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Along with the development of environmental management accounting (EMA) in the past decade, a variety of management accounting and control tools have been designed and implemented to improve the measurement and management of corporate environmental performance and information. While the importance of EMA to corporate sustainability has been increasingly acknowledged, extant literature has drawn little attention on assessing and understanding EMA application and its effectiveness on the quality of carbon emission management and disclosure. Using data gathered of 114 large firms in the US, Germany, Australia and Japan, we find that many firms have applied some EMA tools, yet only a few have applied the full range of EMA tools. The empirical analysis reveals that EMA application has a signifi- cantly positive impact on both corporate carbon management and disclosure quality. Further analysis specifies that audit and benchmarking tools as well as control tools have significant effects on carbon management and disclosure, while for measurement tools no significant effects could be observed. Based on the results, implications are developed for management education and practitioners, which can help managers to make better informed choices for the application of EMA tools.
6. Discussion and conclusion
While the importance of using EMA tools has been increasingly acknowledged in extant literature (e.g. Ascui, 2014; Bennett et al., 2003; Burritt and Saka, 2006; Ferreira et al., 2010), little attention has been paid on assessing and understanding the application of different EMA tools and their effectiveness on carbon management and disclosure. Using data gathered with the Corporate Sustainability Barometer survey of large companies in Germany, Australia, Japan and the USA, and data on the carbon performance and disclosure collected from the CDP database, this study finds a relatively low level of application of EMA tools. While this may reflect uncertainty among managers concerning the effectiveness of EMA, our study shows that the use of EMA tools is positively and significantly associated with carbon management and disclosure quality.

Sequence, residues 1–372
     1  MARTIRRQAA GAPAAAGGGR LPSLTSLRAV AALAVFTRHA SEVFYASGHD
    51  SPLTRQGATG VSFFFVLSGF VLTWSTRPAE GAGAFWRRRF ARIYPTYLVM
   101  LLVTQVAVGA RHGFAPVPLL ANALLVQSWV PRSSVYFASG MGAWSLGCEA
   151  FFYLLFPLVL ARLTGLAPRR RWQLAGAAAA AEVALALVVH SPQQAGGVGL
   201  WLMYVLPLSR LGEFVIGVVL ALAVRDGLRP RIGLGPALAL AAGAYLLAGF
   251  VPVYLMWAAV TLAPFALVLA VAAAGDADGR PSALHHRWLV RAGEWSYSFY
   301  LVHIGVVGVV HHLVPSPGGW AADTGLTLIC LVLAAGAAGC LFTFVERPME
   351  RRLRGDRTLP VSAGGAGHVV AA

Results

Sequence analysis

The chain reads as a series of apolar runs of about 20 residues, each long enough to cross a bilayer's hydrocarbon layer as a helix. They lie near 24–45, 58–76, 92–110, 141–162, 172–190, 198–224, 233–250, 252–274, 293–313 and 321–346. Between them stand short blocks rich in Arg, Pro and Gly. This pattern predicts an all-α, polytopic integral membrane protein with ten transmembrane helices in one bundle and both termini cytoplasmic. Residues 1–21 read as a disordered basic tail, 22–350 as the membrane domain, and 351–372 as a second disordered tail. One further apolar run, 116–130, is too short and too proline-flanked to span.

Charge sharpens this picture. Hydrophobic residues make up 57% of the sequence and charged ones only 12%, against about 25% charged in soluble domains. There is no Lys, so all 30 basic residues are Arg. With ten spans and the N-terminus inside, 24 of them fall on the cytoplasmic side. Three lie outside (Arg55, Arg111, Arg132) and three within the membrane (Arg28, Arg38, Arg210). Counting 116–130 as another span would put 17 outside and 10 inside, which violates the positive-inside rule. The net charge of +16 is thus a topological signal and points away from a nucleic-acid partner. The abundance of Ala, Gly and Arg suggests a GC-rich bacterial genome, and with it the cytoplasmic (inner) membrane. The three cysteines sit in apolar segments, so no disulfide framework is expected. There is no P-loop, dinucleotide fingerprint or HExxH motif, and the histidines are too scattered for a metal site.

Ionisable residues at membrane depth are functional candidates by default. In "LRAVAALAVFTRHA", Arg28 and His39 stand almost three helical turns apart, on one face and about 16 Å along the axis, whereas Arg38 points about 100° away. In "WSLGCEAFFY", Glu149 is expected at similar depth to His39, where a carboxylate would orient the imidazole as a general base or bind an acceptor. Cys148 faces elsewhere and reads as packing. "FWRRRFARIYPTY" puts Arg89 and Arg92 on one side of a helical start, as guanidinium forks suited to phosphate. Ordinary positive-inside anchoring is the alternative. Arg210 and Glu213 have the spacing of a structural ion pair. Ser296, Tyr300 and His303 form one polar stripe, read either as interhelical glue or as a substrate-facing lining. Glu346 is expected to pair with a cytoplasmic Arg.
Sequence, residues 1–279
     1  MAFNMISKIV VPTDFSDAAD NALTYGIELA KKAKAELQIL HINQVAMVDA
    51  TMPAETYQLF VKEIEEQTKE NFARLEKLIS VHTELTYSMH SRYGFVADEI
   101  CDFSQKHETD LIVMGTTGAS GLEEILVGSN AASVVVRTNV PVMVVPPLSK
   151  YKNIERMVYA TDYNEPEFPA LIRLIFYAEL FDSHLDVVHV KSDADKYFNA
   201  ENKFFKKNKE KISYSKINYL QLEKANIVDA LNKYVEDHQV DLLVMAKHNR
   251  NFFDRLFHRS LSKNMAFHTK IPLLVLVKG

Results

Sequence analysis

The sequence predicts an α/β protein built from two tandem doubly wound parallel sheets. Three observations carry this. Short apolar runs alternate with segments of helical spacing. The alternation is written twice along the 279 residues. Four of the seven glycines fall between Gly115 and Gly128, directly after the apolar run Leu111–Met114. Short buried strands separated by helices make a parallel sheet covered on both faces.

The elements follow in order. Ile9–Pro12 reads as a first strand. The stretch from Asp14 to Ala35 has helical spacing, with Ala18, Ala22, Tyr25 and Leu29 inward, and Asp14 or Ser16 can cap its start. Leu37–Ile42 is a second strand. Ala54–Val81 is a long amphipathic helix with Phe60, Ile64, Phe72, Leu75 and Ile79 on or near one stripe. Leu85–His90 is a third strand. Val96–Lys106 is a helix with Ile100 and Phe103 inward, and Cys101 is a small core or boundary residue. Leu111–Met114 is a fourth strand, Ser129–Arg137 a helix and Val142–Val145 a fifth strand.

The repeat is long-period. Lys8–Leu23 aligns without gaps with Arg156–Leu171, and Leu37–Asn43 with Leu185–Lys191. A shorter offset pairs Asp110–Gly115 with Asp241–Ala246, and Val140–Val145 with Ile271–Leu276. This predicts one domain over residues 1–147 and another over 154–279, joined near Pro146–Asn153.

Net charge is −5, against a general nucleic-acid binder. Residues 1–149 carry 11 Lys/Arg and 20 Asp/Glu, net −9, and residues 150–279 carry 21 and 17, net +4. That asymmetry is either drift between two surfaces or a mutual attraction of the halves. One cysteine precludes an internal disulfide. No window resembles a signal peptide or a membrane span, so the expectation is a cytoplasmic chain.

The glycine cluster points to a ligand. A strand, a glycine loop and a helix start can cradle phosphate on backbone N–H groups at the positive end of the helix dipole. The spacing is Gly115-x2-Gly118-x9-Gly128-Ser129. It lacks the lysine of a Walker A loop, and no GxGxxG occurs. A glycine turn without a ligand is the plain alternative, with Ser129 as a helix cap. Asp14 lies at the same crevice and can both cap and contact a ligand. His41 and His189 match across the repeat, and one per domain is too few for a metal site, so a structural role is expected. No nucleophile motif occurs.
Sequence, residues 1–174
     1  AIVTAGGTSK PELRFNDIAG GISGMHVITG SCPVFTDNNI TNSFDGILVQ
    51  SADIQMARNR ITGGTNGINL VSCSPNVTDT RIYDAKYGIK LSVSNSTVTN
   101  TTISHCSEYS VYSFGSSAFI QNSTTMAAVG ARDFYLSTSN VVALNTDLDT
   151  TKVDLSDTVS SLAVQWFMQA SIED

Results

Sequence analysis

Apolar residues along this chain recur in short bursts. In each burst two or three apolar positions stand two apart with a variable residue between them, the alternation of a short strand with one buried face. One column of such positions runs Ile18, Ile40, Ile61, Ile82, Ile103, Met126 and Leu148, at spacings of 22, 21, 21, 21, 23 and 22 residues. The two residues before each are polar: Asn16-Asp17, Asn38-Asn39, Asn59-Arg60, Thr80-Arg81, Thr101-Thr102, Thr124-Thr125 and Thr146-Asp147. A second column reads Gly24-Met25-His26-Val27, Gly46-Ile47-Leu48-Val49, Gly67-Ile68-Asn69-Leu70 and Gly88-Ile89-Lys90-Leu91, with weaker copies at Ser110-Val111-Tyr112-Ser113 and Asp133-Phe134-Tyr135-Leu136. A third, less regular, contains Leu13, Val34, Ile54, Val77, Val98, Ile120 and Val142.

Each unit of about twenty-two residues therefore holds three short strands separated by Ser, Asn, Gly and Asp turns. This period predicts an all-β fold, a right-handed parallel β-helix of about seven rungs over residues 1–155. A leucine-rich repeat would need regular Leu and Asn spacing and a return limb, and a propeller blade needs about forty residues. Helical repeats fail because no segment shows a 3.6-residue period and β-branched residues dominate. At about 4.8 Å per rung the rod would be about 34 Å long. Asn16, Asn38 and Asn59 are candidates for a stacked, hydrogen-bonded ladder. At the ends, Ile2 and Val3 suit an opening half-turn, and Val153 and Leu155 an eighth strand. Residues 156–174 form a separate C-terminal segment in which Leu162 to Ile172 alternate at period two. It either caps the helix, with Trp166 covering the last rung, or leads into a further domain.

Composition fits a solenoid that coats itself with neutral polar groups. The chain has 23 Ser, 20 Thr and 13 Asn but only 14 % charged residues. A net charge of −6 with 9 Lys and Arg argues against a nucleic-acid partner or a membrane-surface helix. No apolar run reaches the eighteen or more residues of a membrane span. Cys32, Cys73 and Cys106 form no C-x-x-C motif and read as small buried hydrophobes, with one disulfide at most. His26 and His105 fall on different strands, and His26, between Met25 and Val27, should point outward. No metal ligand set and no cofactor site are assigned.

With regard to the challenge outlined in the introduction, i.e. staying within the carrying capacity of the earth, the findings show that EMA tools are effective in managing carbon emissions. They are useful for managers to address the challenge of climate change and to become more aware of carbon emissions. These results complement several prior studies on the effects of other groups of management tools (e.g. sustainability management tools, product design tools; see Horisch et al., 2015a € ), or of some individual tools (e.g. eco-control or company internal emission trading schemes (Henri and Journeault, 2010; Horisch, 2013 € ), on corporate carbon performance. In this regard, a further challenge for practitioners is to decide which tools to use and which EMA tools are most effective.